This article is a web original
After my introduction presentation in Junior High school, one of the questions the students asked me was “how tall are you?” I then replied “178 cm” to which a girl then started fangirling over my answer. It was incredibly weird but I just brushed it off.
Later, at the end of class, I found out that I’m the same height as some of the members of BTS, and that the girl memorized every single one of their heights, blood type etc. She was also excited because every time I would go to that class, the girl would imagine me as a member of BTS, based on my height. Sometimes, she would stand next to me and imagine that she was standing next to them.
I had a presentation at a school where I speak first and then introduce a second speaker. Before the start of the presentation we were hanging in the principal’s office as we waited for the students to gather in the gymnasium – where we would present. So I pick up some small talk with the other presenter guy. He says he remembers me! I don’t remember him. He says it was an international festival 3 months ago, he gave me and my table-mates some manjuu. I stumble through saying “Yeah… it was delicious!” My mind is blanking. Three months was ages ago! Why would I remember a guy I saw once at a giant festival? But surely, if he can remember some rando white lady from a fun event, I can remember one of the hundreds of people that visited it.
Imagine this dreamy scenario – you get a call from a strange-looking number different from your area code. Your recommended YouTube videos suddenly become all about Japan. The next thing you know, you’re on a plane and suddenly in a new country.
That was my reality in 2022. Other folks have different stories. It is a wide range from the folks that spend hours scouring online forums such as Reddit and Facebook groups to those who applied to the JET programme or an eikaiwa on a whim expecting to be rejected.
There are three pillars to become aware of amid cultural shock or readjustment in Japan. That includes – door ringers, other expats, and adjusting to your new co-workers and surroundings.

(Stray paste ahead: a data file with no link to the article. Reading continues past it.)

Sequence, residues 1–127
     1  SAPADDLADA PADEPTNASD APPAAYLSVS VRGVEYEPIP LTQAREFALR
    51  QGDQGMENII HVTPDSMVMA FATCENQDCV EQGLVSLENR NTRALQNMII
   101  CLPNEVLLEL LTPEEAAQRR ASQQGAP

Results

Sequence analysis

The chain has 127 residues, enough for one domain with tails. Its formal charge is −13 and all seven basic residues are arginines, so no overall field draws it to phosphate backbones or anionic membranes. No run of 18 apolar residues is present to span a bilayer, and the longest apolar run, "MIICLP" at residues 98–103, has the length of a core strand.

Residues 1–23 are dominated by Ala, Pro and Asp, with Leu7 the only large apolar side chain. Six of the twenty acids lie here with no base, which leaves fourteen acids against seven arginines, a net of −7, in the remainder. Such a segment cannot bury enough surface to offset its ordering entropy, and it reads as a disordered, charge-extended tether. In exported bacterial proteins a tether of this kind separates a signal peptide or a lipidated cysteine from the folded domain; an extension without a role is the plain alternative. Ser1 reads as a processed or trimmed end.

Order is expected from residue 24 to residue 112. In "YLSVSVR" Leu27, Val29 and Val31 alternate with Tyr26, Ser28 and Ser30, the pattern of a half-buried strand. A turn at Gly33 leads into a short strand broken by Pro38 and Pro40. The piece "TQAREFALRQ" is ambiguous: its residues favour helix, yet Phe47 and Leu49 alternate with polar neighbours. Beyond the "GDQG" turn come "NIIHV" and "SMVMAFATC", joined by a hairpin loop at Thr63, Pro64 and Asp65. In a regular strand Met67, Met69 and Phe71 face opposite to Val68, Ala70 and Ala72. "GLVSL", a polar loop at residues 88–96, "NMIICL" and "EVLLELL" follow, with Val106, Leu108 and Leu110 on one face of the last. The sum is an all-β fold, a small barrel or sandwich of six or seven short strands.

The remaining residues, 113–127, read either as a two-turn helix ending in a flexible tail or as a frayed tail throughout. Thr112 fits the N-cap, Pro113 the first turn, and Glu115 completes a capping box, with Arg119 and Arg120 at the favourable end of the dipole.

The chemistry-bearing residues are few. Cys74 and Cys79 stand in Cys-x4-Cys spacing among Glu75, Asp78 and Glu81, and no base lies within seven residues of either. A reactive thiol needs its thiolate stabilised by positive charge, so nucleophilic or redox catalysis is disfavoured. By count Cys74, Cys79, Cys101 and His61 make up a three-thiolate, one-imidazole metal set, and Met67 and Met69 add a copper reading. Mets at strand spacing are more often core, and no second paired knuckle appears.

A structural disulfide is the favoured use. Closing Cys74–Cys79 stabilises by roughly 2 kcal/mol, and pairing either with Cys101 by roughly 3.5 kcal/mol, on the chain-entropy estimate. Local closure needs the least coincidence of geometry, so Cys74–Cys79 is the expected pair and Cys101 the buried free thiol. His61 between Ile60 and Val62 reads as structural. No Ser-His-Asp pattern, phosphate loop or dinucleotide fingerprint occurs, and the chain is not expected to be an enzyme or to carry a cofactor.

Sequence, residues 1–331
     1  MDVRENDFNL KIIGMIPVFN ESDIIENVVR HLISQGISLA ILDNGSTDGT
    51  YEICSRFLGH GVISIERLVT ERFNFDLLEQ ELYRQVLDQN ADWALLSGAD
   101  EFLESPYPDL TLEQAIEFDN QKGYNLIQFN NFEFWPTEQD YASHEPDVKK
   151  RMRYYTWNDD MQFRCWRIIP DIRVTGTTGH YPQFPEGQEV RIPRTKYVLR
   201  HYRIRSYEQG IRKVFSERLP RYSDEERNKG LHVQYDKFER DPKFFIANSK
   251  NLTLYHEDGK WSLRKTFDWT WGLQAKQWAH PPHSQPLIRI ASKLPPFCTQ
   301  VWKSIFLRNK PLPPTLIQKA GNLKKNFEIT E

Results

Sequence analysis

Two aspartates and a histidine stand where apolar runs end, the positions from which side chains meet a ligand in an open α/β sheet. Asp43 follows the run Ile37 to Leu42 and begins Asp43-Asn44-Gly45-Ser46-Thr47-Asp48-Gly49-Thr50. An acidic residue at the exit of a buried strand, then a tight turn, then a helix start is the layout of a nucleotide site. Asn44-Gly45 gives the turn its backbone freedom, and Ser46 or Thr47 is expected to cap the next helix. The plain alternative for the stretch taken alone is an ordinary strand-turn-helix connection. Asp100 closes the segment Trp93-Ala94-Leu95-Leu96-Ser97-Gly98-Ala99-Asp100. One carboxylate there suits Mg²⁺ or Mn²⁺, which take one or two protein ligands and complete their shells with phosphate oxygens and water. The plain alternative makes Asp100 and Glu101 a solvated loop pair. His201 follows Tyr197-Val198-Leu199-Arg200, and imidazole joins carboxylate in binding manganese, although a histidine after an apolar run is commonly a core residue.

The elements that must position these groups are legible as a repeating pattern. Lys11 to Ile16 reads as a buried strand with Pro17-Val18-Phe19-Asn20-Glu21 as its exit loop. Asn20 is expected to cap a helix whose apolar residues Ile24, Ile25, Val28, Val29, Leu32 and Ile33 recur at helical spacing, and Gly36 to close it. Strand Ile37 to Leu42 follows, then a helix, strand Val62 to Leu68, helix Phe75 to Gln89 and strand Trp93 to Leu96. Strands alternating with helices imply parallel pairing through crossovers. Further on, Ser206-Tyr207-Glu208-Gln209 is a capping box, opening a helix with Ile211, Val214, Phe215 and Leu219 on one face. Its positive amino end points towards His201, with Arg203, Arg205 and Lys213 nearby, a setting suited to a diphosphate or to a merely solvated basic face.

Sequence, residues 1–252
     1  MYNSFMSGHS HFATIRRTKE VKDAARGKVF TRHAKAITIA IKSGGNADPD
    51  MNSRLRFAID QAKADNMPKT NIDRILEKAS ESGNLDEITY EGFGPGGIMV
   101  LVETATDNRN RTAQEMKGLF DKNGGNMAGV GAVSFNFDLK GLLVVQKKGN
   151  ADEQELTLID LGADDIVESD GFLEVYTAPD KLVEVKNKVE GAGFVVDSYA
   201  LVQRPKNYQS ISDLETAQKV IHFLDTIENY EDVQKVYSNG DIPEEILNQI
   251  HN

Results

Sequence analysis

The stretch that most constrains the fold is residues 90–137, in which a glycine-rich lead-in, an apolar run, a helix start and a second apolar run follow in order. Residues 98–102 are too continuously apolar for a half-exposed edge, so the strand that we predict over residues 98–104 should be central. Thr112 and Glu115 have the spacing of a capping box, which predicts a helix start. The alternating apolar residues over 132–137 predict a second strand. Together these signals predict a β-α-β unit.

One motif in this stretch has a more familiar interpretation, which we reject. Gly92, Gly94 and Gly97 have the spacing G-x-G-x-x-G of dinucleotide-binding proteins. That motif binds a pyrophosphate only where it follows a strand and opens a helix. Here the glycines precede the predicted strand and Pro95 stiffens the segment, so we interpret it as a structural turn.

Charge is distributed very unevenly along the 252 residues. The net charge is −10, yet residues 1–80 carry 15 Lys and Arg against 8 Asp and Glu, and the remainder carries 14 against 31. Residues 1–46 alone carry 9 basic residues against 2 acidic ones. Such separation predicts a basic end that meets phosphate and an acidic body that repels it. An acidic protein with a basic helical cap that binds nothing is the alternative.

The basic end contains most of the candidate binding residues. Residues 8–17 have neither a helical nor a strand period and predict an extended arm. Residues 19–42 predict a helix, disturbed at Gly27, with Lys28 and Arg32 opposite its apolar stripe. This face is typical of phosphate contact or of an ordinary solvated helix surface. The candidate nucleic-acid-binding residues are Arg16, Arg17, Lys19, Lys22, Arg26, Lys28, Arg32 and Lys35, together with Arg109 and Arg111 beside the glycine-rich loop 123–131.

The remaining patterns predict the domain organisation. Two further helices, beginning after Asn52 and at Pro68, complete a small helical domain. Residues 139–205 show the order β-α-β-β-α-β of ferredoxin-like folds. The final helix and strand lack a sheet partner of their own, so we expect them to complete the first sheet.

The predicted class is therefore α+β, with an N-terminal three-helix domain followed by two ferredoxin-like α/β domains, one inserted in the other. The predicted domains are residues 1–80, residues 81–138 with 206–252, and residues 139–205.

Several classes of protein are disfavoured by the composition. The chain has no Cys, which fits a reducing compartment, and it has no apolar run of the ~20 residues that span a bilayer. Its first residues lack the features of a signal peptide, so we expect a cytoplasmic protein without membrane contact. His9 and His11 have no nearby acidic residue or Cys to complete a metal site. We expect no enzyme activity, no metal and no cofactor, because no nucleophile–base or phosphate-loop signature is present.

ESID, or “Every Situation is Different,” is an acronym thrown about on online forums and between expats in Japan, a-likened to a beer at any American or global football party. Recognizing differences seems therapeutic yet represents indifference to learning unique situations, solutions, and outcomes.
Arriving in Japan felt like being stuck in the middle of a riptide within a tightly controlled space. Everything was planned. It happened so fast. One second, I was in Tokyo, and the next in Kyoto-fu. I don’t remember sleeping or much at all. That was until I arrived at my new home.
On my first night in Kyoto-fu, my doorbell rang. Perhaps it was my advisor or some of the school staff. Nope. No, it was not. It rang three times.
Lo and behold, it was a cult. Less than 5 hours into my new home, the three henchmen of door knockers arrive. It includes the big three (minus the classic door-knocking NHK guy) – Jehovah’s, Moonies, and Mormons.
Taking a note from U.S. TV and radio commentators, “Jesus take the wheel” took a literal turn “toward my neck of the woods.“ It took some humor and patience. Perhaps it was my irreverence or lack of sleep. Yet, all three groups were foreigners, expats like me.
Expats have many different reputations. From education, military, manufacturing, and personal relationships, foreigners often fit within a distinct club, whether explicit or not. It can take a while to acclimate to this role while learning the ins and outs of Japanese schools and society, from kokuhaku to nomikai.
Expats do not have to play the various “guess who” games of enormous burdens, the extent of Japanese language studies, or the weirdest background. Instead, have a better expat time — avoid other expats. It is a highly recommended rule by some longer-term ALTs and expats.
Instead, allow me to introduce some realistic situations. Some expats might quickly dramatize their case due to culture shock and sometimes the combination of limited experience abroad.
Some folks call my area the inaka when instead, if you come from a rural area such as parts of New England, it feels like the opposite. Or city-like if you count having several konbinis, a mall, and McDonald’s as urban. If you come from a large city in California or Australia, then it’s as foreign as Pluto.
As a JET in an area with a Western military presence, sometimes it feels like “avoid the gaijin spots as much as humanly possible” to learn about Japan. So, no McDonald’s. Absolutely no McDonald’s. That is expat central. Similar to a nearby Western café near military-related folks. Sometimes, running to the hills is more than just a workout; it becomes a social solution.
For your Japanese co-workers, comparisons between predecessors are prevalent, alongside questions that often seem meant for an interrogation, yet seem like a compliment. It might take a while for co-workers to warm up to you. However, you might only hear a few excuses.
Colleagues may view you as the representative for explaining everything between Japan and the rest of the world. That is normal. The only non-normal aspect might be the timing—no need for Holy Water or unwanted surprises.
Once you balance avoidance and activity, you can single-handedly avoid door-ringers and headaches. Ultimately, instead of ESID, expect the unexpected rather than the expat versus the Japanese world. It will save you the stress incurred from expectations.